Dracula by Bram Stoker
22 JONATHAN HARKER'S JOURNAL
"I would. If there were no friend who loved me, who would save me such a pain, and so desperate an effort!" She looked at him meaningly as she spoke.
He was sitting down, but now he rose and came close to her and put his hand on her head as he said solemnly. "My child, there is such an one if it were for your good. For myself I could hold it in my account with God to find such an euthanasia for you, even at this moment if it were best. Nay, were it safe! But my child . . ."
For a moment he seemed choked, and a great sob rose in his throat. He gulped it down and went on, "There are here some who would stand between you and death. You must not die. You must not die by any hand, but least of all your own. Until the other, who has fouled your sweet life, is true dead you must not die. For if he is still with the quick Undead, your death would make you even as he is. No, you must live! You must struggle and strive to live, though death would seem a boon unspeakable. You must fight Death himself, though he come to you in pain or in joy. By the day, or the night, in safety or in peril! On your living soul I charge you that you do not die. Nay, nor think of death, till this great evil be past."
The poor dear grew white as death, and shook and shivered, as I have seen a quicksand shake and shiver at the incoming of the tide. We were all silent. We could do nothing. At length she grew more calm and turning to him said sweetly, but oh so sorrowfully, as she held out her hand, "I promise you, my dear friend, that if God will let me live, I shall strive to do so. Till, if it may be in His good time, this horror may have passed away from me."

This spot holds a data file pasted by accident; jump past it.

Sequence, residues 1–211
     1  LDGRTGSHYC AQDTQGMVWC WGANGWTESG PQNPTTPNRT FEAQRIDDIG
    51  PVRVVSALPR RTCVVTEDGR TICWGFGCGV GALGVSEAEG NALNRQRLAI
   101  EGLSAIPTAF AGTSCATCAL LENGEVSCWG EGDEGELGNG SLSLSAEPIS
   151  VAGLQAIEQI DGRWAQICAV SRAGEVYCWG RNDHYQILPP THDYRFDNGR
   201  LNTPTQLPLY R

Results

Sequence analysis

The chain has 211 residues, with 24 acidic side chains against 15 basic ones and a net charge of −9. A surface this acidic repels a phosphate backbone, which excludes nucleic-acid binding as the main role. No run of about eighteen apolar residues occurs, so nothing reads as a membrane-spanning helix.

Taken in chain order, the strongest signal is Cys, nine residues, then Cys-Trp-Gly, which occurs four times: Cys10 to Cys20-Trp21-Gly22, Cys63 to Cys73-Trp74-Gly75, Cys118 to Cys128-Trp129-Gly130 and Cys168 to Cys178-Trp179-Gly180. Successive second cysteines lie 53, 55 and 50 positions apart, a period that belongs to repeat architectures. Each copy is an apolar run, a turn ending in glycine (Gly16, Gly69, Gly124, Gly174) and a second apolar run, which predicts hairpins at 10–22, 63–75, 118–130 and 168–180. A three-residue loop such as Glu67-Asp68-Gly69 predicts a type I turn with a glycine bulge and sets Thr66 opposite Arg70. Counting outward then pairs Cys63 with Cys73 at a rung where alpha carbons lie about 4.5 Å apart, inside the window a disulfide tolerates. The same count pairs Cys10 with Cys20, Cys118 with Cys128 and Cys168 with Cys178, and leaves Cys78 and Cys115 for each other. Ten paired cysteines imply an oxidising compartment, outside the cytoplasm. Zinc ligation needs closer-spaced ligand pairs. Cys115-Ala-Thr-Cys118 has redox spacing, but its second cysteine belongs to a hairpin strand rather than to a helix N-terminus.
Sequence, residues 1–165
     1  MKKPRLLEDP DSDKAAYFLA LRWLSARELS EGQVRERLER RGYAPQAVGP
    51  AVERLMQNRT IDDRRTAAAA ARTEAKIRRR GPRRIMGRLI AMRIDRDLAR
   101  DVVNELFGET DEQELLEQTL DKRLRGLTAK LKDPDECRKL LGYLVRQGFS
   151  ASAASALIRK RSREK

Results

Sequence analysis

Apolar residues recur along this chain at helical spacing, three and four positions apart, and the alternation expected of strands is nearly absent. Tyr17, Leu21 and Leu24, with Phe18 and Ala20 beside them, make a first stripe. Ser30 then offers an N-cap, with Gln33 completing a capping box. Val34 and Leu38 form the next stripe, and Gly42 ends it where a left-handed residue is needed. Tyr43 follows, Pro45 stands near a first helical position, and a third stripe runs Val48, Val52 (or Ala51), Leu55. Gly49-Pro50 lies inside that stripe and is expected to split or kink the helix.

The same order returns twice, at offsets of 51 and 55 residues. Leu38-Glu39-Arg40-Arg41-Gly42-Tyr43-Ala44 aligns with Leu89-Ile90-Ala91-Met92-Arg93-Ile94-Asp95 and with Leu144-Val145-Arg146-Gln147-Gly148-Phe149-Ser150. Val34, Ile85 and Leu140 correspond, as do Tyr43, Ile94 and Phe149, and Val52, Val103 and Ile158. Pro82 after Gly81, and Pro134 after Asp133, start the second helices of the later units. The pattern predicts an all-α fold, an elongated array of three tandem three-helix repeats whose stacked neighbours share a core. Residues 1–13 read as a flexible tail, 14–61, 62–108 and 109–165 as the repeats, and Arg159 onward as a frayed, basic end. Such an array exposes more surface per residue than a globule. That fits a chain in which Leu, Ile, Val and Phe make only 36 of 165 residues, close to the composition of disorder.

She was so good and brave that we all felt that our hearts were strengthened to work and endure for her, and we began to discuss what we were to do. I told her that she was to have all the papers in the safe, and all the papers or diaries and phonographs we might hereafter use, and was to keep the record as she had done before. She was pleased with the prospect of anything to do, if "pleased" could be used in connection with so grim an interest.
As usual Van Helsing had thought ahead of everyone else, and was prepared with an exact ordering of our work.
"It is perhaps well," he said, "that at our meeting after our visit to Carfax we decided not to do anything with the earth boxes that lay there. Had we done so, the Count must have guessed our purpose, and would doubtless have taken measures in advance to frustrate such an effort with regard to the others. But now he does not know our intentions. Nay, more, in all probability, he does not know that such a power exists to us as can sterilize his lairs, so that he cannot use them as of old.
"We are now so much further advanced in our knowledge as to their disposition that, when we have examined the house in Piccadilly, we may track the very last of them. Today then, is ours, and in it rests our hope. The sun that rose on our sorrow this morning guards us in its course. Until it sets tonight, that monster must retain whatever form he now has. He is confined within the limitations of his earthly envelope. He cannot melt into thin air nor disappear through cracks or chinks or crannies. If he go through a doorway, he must open the door like a mortal. And so we have this day to hunt out all his lairs and sterilize them. So we shall, if we have not yet catch him and destroy him, drive him to bay in some place where the catching and the destroying shall be, in time, sure."
Here I started up for I could not contain myself at the thought that the minutes and seconds so preciously laden with Mina's life and happiness were flying from us, since whilst we talked action was impossible. But Van Helsing held up his hand warningly.